Why Oh Why Do I Even Need a Job Description?

Are you tired of hiring people who look great on paper but just don’t fit your organization? Does it seem like you can never find the right candidate for the job? Did you ever stop and think why you are attracting the wrong candidates?

When posting a new position in your business, you may consider quickly posting a short and vague job description in order to start the process as soon as possible. Your job descriptions deserves a lot more attention that a 5-minute blanket statement. A properly written job description is of utmost concern to the employer and the potential employee. Job descriptions are the first step in attracting and retaining the best talent for your company and should accurately specify essential job functions; the knowledge, skills and abilities required of the position; as well as the physical/environment conditions of the job.
Job descriptions serve the company AND employees in a variety of ways:

  • Recruiting/Interviewing: When you have a properly written, accurate job description it makes your recruiting and interviewing process a heck of a lot easier. Not only does this save you time, but it saves job seekers time.
  • Defining expectations: A more encompassing job description should set expectations and responsibilities rather than tasks. This helps them to focus on the end result rather than job duties.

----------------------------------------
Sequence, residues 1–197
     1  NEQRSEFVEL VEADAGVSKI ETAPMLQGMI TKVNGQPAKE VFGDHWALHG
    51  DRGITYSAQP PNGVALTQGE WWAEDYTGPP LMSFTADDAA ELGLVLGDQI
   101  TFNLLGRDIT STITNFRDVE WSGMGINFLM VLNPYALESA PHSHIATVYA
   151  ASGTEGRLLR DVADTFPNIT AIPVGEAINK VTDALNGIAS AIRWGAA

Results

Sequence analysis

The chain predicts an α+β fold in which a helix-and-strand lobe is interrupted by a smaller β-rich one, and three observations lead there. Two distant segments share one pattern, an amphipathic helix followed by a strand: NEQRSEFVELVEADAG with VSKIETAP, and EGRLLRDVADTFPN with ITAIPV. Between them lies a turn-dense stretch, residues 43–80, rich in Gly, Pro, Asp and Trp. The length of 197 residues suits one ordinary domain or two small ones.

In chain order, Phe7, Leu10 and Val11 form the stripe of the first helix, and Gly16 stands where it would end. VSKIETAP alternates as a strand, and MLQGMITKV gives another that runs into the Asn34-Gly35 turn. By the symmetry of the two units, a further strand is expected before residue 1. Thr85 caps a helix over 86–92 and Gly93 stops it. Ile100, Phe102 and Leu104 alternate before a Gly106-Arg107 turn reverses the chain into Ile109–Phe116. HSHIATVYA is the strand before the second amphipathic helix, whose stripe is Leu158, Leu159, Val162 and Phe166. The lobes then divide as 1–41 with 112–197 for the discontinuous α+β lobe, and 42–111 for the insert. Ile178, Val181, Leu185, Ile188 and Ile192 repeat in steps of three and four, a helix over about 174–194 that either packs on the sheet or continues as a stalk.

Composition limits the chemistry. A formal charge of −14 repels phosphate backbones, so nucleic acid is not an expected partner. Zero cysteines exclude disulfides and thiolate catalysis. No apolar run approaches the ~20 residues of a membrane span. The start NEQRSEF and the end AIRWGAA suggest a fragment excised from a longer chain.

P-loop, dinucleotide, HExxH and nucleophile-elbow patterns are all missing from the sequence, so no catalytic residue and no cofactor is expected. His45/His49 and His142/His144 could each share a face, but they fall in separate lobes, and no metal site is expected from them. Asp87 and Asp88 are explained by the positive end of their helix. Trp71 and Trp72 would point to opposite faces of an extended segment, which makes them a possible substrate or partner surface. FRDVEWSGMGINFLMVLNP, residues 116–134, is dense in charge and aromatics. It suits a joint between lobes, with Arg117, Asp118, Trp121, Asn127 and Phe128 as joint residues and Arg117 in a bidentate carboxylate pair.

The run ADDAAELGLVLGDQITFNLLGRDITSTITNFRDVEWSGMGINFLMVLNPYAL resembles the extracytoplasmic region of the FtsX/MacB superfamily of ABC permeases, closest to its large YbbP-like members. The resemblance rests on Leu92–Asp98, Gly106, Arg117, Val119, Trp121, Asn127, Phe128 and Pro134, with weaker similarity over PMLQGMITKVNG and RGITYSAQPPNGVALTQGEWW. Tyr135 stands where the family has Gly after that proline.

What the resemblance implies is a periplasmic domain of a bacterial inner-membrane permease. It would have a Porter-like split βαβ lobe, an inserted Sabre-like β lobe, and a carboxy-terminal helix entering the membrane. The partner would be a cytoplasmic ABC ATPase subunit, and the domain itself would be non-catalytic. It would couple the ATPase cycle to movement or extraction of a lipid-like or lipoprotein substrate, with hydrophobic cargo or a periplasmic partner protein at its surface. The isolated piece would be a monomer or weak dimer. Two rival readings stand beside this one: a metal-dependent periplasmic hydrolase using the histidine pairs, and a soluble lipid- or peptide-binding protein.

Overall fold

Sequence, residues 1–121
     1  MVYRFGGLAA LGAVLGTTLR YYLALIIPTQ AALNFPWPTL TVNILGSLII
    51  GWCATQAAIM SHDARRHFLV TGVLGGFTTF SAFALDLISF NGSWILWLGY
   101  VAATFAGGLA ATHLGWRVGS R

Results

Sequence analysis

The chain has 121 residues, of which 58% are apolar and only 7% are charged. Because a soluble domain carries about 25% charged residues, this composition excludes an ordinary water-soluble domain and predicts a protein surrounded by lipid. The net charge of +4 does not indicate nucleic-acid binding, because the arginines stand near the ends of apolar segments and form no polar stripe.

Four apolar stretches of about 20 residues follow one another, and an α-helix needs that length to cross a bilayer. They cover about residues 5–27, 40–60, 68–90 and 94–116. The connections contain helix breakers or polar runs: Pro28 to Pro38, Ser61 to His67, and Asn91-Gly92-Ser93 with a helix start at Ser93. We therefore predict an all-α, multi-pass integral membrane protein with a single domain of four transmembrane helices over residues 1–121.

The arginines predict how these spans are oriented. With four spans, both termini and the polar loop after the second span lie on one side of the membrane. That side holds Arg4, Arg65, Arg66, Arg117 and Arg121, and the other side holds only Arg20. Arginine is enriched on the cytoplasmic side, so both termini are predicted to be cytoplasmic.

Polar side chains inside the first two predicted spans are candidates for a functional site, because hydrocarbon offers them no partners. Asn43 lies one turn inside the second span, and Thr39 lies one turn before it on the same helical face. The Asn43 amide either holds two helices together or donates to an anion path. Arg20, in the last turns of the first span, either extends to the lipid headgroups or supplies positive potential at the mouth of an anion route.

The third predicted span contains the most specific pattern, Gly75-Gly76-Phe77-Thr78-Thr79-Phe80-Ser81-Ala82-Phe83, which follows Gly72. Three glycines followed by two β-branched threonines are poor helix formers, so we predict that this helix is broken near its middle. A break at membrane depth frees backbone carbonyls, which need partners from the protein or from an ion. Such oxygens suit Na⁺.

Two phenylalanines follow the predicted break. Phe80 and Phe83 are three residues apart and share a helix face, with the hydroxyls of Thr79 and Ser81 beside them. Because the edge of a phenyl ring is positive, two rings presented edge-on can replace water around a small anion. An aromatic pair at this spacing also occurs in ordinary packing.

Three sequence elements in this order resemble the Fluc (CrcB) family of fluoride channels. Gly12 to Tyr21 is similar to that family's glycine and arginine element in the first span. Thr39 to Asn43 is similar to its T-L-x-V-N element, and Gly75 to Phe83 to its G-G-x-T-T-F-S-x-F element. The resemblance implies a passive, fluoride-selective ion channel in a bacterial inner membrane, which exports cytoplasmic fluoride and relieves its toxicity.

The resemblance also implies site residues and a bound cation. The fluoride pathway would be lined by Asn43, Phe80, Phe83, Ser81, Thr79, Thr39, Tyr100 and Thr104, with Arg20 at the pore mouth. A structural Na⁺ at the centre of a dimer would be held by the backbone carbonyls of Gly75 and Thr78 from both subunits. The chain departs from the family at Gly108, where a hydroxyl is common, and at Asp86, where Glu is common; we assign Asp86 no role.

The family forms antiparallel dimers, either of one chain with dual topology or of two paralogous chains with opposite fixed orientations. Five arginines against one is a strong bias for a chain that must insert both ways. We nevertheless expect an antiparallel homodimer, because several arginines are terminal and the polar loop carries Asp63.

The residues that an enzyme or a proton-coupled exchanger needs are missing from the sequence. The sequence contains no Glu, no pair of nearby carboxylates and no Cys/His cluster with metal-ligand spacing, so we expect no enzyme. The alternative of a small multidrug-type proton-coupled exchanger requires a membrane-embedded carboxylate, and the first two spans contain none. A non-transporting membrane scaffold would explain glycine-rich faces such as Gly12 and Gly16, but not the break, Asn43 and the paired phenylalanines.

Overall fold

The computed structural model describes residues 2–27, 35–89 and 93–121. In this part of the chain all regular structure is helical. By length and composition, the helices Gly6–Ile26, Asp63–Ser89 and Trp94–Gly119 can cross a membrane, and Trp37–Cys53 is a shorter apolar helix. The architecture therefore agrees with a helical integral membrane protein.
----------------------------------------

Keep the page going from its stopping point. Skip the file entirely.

• Performance evaluations: Gives you criteria for the performance of the employee to be measured against, which should ultimately focus as mentioned previously, on the end result.
  • Performance corrections: If the employee is beginning to deviate from the desired performance, corrections assist the employee in getting back on track. (Hint: it is advised that you do this throughout the year, and not just at an annual review.)
  • Workers’ compensation/disability – return to work programs: By providing an accurate description of the work environment and duties required, it provides a defense to claims of employment discrimination when hiring. Worker’s compensation and return to work programs should be addressed when employees are to be hired.
  • Terminations: Provided that the employee is unable to meet guidelines set in the job description, termination may be the only solution left after performance corrections have failed. Make sure that termination is purely business-related and is non-discriminatory.

Know you need more help but don’t know where to go next? Contact us by September 3 about your recruitment plan and you’ll receive a free job description template.

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